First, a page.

Rescue Remedies for Anthrax
Vitamin A is a critical Vitamin in enhancing immunity. It plays a key role in maintaining the integrity of all the epithelial surfaces in the body, such as the skin, the lining of the respiratory tracts and digestive tracts. These surfaces are the first to be exposed to external environment and foreign invaders such as anthrax or other biological agents.
Vitamin A, used as a preventative
nutritional therapy, is important for preventing complications of
anthrax and other biological agents. If you have contracted the disease, the body's need for vitamin A will increase substantially; so extra supplementation will be needed to maintain body's defenses.
Use Vitamin A supplementation as a Complementary treatment if you contract anthrax or are under biological attack. You should seek and obtain proper treatment. The combination treatment will probably save your life with least inconveniences and complications. We will present evidences for the importance of Vitamin A in preventing/managing infections.
Role of Vitamin A in
Vitamin A stimulates numerous immunity processes, including the production of antibodies. It promotes the production of lysozymes (anti- infectious agents) in tears, saliva, and sweat and also directly strengthens the immune system by stimulating the all-important thymus gland.
Vitamin A also unleashes powerful T cells into action against bacteria and viruses.
Vitamin A is also an antioxidant. It is very effective in protecting the body from infection.
Research on vitamin A shows that one or two high-potency capsules can reduce the severity of infections, often preventing death. Vitamin A has been shown to be important in the treatment of measles, chicken pox, respiratory infections, and AIDS. Undoubtedly, it is an essential nutrient for optimal immunity.
When people suffer from infection, they are found to excrete large quantity of Vitamin A. In other words, the body's need for vitamin A increases dramatically when it is under attack. In a study of twenty-nine men suffering from either pneumonia or sepsis, doctors noted that one-third of the men excreted 50 percent of the RDA (Recommended Daily Allowance) and one-fourth excreted 100 percent of the RDA for vitamin A. Men receiving an antibiotic also had high rates of vitamin A loss. (1) In contrast, healthy men excreted almost no vitamin A. Thus during the times you may suspect that you may be under attack of biological agents, it is important that you have enough fortification of vitamin A to fortify or maintain your defenses.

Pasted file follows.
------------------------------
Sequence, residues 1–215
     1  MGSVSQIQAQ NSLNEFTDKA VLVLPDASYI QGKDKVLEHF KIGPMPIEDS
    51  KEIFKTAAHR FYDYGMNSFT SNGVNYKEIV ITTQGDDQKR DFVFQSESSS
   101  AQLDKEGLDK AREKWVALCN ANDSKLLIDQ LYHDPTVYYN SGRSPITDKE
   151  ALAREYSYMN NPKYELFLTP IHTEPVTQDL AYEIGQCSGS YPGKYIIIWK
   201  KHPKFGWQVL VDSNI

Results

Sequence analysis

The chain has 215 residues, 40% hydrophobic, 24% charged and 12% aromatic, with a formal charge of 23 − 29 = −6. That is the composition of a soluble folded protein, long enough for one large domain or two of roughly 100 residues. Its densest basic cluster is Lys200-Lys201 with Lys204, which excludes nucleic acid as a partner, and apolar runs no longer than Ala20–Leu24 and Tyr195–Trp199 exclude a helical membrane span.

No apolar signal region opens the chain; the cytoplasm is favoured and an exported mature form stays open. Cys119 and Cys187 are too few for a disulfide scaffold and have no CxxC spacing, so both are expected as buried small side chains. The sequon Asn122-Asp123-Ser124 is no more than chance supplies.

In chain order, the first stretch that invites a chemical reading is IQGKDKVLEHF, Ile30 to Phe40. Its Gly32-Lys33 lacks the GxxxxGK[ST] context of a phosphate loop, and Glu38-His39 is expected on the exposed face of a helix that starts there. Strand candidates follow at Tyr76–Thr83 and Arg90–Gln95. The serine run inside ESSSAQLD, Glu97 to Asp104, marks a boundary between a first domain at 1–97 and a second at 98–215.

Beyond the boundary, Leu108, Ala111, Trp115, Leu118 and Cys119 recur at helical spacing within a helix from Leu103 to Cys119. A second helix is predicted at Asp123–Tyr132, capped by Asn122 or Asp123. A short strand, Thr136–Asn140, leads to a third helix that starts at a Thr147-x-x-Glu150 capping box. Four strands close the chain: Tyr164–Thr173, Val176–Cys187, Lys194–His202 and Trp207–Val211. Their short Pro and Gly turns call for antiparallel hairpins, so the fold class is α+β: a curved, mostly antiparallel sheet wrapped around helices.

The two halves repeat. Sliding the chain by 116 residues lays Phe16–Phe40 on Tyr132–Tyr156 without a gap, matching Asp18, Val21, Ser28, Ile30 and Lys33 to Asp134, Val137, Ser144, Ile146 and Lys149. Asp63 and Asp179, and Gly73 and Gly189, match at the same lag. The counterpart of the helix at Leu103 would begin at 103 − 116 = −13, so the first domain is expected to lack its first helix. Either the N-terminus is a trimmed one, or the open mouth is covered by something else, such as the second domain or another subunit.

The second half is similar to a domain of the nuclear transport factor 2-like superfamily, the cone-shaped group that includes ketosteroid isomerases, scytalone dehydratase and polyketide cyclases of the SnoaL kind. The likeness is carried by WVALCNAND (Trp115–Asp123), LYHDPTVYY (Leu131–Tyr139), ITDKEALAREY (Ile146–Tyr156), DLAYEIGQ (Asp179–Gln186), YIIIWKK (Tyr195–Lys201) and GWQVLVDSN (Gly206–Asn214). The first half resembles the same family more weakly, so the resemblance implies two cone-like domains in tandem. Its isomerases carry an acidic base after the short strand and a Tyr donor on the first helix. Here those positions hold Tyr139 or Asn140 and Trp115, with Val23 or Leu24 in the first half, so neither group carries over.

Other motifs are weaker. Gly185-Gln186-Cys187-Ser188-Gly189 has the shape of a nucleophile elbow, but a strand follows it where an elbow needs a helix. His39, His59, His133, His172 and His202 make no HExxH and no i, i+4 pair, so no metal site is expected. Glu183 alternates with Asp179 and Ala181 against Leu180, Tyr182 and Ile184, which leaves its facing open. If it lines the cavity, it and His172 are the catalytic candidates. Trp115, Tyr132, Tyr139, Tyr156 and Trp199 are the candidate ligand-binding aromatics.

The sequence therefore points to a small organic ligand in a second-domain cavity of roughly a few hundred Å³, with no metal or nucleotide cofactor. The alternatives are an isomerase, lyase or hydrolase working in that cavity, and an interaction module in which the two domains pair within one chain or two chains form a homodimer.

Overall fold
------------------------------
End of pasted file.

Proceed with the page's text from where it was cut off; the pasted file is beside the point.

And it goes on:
Studies in third-world populations have demonstrated the enormous power of vitamin A in boosting resistance to infection and reducing the related mortality.
For example, several other studies in Ghana, India, Indonesia, and Nepal showed that vitamin A supplements reduced death from measles by about one-third. (3,4) Researchers from the Harvard University School of Public Health found that vitamin A supplements (200,000 IU), given once every six months, substantially decreased the risk of death from all causes among twenty-eight thousand Sudanese children. The vitamin had the most dramatic effect on children who were wasted, stunted, or with diarrhea or cough. (5)
Benefits for Vitamin A - How Vitamin A Boosts Immunity
A and Infections
Natural Sources for Vitamin A
Safety and Toxicity
Symptoms of Vitamin A
and Beta Carotene
Infocenter in Holisticonline.com
Infocenter in Holisticonline.com
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Stephensen, C. B., et al., "Vitamin A Is Excreted in the Urine during Acute Infection," American Journal of Clinical Nutrition, September 1994, 60:388-391.
Richard P. Huemer, MD., and Jack Challem, Natural Health Guide to Beating the Supergerms, Pocket Books, New York.
Sommer, A., et al., "Impact of Vitamin A Supplementation on childhood Mortality: A Randomized, Controlled Community Trial," Lancet, 1986; 1:1169-1173.
Sommer, A., "Vitamin A, Infectious Disease and Childhood Mortality: A 2cents Solution?," Journal of Infectious Diseases, May 1993; 167:1003-1007.
Fawzi, W. W., "Dietary Vitamin A Intake and the Risk of Mortality among Children," American Journal of Clinical Nutrition, February 1994; 59:401-408.